Tossed into a room, each of these symbolic hand-grenades can be counted on to create explosively heated discussions. Depending upon which side of these debates we fall, on whether we support or oppose the theses these symbolic grenades pose, a Catholic is identified. Of late it seems that these different sides have started to crystallize; the patterns that identify them seem increasingly apparent. Sadly, these spiritual and doctrinal conflicts seem to have become war-zones of politicized rhetoric and impassioned pleas – all of which does little to promote mutual understanding and goodwill.
Our Catholic Church has now lived with the Second Vatican Council for fifty years. As they have passed, two fairly distinct groups of Catholics have emerged out of Vatican II. Both are convinced of the importance of conscience and the need for a strong Catholic identity. Both groups are convinced that they are living in a direct response to the call of Christ. Both acknowledge that they are sinners called by God to minister to the needs of God’s people. Both groups rely on tradition, and see the need for a more coherent articulation of (and adherence to) the faith they have received.
The longer we listen to each group, however, the more we realize that the polemical atmosphere in which both are speaking is giving birth to a spirit of ill-will and that a tense anxiety is arising where a spirit of charity ought to be. Strangely (and thankfully?), our Church is no stranger to the struggle to articulate a new iteration of the ancient revelation of Jesus Christ. If it is examples we need, we need only look to our Ecumenical councils.
Before and after each of these twenty-one councils we can see different spirits pushing and pulling at the people who make up the Church. What is more, at the points of greatest tension, people on both sides of the conflicts always think they are right. And after it is all settled and done, some wise fools always end up standing on top of the dogmatic pillar put in place by their forebears and saying: “Obviously it would end this way. Orthodoxy will always prevail. It was clear from the start that we would arrive at this right conclusion.”
To these I will say this: if it looks clear to you now, it is only because people struggled, argued, and prayed, because our ancestors in the faith suffered and worked to give birth to the orthodoxy we now claim. We should not miss the reality that, from Christ to Holy Cross, there has never been anything easy or clear about expressing a universal faith. Looking to the past we see that the deeper the issues ran, the more tension was stirred and the more entrenched people then became in their positions. It is not just today that this is happening. No, it is because this has happened in the past that we are the Church we are.
And while Vatican II hasn’t been the cause of any bloodshed, it does seem increasingly difficult to say much of anything without being called a liberal or a conservative these days. I want to take note of those two words especially, because the conflicts within our Church seem to circle increasingly often around a politicized conservative/liberal divide.1
How about this, though: what if we talked about these conflictual issues, these symbolic grenades, not in political language, but as expressions of identity? What if we paid more attention to how the labels we apply and the sides we choose identify us as believers? Instead of settling for politicized labels, what if we asked how the sides we take name us, become part of how we identify ourselves? It seems to me that fleshing out of questions like these will give us a deeper grasp of the conflicts facing us today.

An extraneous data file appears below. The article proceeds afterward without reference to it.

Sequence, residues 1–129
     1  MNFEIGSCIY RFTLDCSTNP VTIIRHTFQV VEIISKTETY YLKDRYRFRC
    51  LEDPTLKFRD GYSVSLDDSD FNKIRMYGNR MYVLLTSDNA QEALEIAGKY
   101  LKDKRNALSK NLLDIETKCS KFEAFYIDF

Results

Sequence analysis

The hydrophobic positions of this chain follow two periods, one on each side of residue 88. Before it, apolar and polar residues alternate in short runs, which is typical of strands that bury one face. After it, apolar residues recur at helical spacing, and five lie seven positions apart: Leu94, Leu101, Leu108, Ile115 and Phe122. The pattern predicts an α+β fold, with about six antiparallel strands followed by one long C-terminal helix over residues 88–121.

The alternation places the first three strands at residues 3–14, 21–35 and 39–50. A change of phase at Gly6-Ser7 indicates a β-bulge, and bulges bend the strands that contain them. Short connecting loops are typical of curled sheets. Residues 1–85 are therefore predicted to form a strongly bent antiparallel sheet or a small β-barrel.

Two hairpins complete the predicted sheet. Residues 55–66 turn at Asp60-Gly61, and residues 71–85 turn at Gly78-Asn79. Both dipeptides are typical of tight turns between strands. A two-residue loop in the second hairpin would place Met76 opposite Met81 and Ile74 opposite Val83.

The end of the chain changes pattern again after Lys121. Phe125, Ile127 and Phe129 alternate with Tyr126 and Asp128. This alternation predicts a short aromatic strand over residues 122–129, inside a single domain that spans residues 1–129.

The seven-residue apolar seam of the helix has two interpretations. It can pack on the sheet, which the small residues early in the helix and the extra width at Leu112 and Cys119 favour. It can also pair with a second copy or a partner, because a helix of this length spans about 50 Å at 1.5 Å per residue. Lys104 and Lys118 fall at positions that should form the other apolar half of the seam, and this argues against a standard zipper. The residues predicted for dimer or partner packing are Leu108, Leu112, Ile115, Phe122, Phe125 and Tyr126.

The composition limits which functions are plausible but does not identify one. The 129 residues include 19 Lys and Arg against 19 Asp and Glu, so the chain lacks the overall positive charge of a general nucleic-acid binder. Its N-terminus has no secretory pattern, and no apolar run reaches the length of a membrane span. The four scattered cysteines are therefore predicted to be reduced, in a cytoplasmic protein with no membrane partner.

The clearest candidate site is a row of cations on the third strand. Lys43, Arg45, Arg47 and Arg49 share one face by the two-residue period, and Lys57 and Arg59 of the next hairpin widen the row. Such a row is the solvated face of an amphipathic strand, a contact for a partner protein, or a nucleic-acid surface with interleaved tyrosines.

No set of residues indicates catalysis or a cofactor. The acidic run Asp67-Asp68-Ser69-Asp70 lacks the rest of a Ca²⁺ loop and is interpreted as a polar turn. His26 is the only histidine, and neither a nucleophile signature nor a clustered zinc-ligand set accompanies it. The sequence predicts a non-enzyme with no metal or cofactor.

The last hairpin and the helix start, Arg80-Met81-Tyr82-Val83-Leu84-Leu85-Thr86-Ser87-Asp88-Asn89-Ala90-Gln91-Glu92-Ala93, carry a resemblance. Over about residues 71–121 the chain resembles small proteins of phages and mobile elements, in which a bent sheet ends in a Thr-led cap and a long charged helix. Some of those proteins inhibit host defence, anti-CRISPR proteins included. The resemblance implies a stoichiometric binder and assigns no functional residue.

Let’s take, as an example, the liturgy. As most of us know, recently the English translation of the mass was changed so that the language would reflect a deeper similarity to the Latin. It is generally acknowledged, by all parties, that the older translation of the mass needed to be updated. Still, in the way that this new translation came about the new mass became yet another symbol of the struggle between right and left. For some, the changes to the mass are welcomed, and welcomed because they show that the governing body of the Church is still governing. Such changes are also welcomed because they mean that Catholics are being asked to participate in a mass that more closely resembles its Roman lineage. And, for this group, the changes to the mass were welcomed as a return to a more universal practice of faith.
For others, the same event gave only further evidence of a mis-prioritized, overly restrictive Magisterium. The changes to the mass meant not universalization, but that Church leadership was more concerned in rearranging the furniture on the Titanic than in reading the signs of the times. Those in this group asked: how is it possible that anyone could think that rewriting the liturgy is as important as addressing issues of poverty, education, and our failure to care for the powerless?
In both cases, read through the lens of identity rather than just politics, we see people taking sides, people staking their claim about who they are through their respective responses.
Those who think that liturgical rubrics ought to be precisely followed and who desire more Gregorian chant tend not to support sweeping statements calling for a “preferential option for the poor.” Those who are prioritize social justice tend to have a looser sense of liturgical uniformity and prize a feeling of community over a type of ritual rigidity.2 It is as though each claims to be practicing a more authentic form of the faith, and therefore to be more Catholic than the other. Of course both groups could, in some ways, be described as “cafeteria” Catholics (a phrase I use here as a non-pejorative term, please see the footnote citations) – working hard to decide which beliefs they will adhere to while turning away from those which do not fit into their sense of what it is to be Catholic.3 Each of these stances reveals a conflict over identity; each of these reveals the way conscience is invoked; each reveals reflexivity in action.